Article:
Friday, October 28, 2016

Virginia Voters Facing a Tough Question on Election Day Regarding ‘Right-to-Work’ Law

By: Jeffrey Hord

When Virginians head to the polls on or before November 8th, they won’t just be faced with a choice between Presidential candidates and the Congressional hopefuls from their District. Among the policy initiatives on the ballot this year are two questions concerning the Virginia Constitution, one of which may have a significant impact on the Commonwealth’s labor and employment laws.


Thursday, October 27, 2016

Employment Law Day

Please join us for a very exciting Employment Law program on November 10th, hosted by Paley Rothman's Employment Law group. Four of Maryland’s key regulatory agency leaders have agreed to speak and share insight into their agencies’ expected priorities and handling of claims of discrimination or other violations. Our Employment Law attorneys will also speak on key issues facing employers, including the impact of the November 8 election, pay equity and employer issues with social media and after-hours behavior. Following the Paley Rothman presentations and the "Meet the Agencies" panel, we will have a wine and cheese networking reception. Please register in advance by clicking the Register button below. We look forward to seeing you there!

Wednesday, October 26, 2016

DOL Issues Final Rule on Paid Sick Leave for Government Contractors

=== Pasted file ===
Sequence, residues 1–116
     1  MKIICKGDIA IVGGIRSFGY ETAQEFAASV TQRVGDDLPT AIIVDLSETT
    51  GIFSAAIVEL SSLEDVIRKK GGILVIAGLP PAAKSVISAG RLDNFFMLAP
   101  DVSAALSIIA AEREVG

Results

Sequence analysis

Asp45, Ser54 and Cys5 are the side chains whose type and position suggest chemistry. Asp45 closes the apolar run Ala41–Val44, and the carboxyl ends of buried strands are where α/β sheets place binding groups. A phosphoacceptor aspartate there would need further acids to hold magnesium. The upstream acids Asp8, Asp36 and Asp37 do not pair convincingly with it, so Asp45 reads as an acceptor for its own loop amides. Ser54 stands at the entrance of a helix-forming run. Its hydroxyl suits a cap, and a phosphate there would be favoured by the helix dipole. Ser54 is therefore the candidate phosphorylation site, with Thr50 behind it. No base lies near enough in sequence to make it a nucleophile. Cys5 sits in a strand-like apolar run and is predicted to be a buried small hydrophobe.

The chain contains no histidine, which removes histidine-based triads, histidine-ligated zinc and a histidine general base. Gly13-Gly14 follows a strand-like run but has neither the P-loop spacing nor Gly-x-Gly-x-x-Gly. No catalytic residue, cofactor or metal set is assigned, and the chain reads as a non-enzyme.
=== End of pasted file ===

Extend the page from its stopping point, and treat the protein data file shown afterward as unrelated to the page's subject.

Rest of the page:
By:  Jessica B. Summers, Associate

Under newly released DOL rules, most federal government contractors entering into new or renegotiated contracts on or after January 1, 2017, will be required to provide employees performing on, or in connection with, the contract with up to 56 hours of paid sick leave per year.

SUMMARY:  Most federal government contractors (and subcontractors) entering into new or renegotiated contracts on or after January 1, 2017 will be required to provide employees performing work on, or in connection with, the contract with up to 56 hours of paid sick leave per year.

Thursday, October 20, 2016

Now You See Me, Now You Don’t: GAO’s Disappearing Jurisdiction Over Civilian Agency Task Orders

By: Ryan Spiegel

Congress pulled a ghoulish Halloween trick this month, bringing to an end the Government Accountability Office’s (GAO) jurisdiction over bid protests of civilian agency task orders and delivery orders. Before October 1, 2016, bidders could protest the award of a task order worth more than $10 million before the GAO, as established by prior amendments to the National Defense Authorization Act (NDAA) and the Federal Acquisition Streamlining Act (FASA). But GAO’s jurisdiction over task order protests related to civilian agency contracts was temporary, scheduled to sunset at the end of the last Fiscal Year on September 30, 2016. 41 U.S.C. § 4106(f).

Wednesday, October 5, 2016

Felons and Tax Cheats Beware: Regulators Want To Stop You From Winning Federal Government Contracts

By: Ryan Spiegel

A new final rule targeting tax cheats and convicted felons who try to bid on federal government contracts was published on September 30, 2016. The rule is effective immediately and makes permanent an interim rule published back in December 2015 which has already been in effect since February 26, 2016. The final rule adopts the interim rule in its entirety without any changes; only three public comments had been submitted in response to the interim rule, two of which were in support.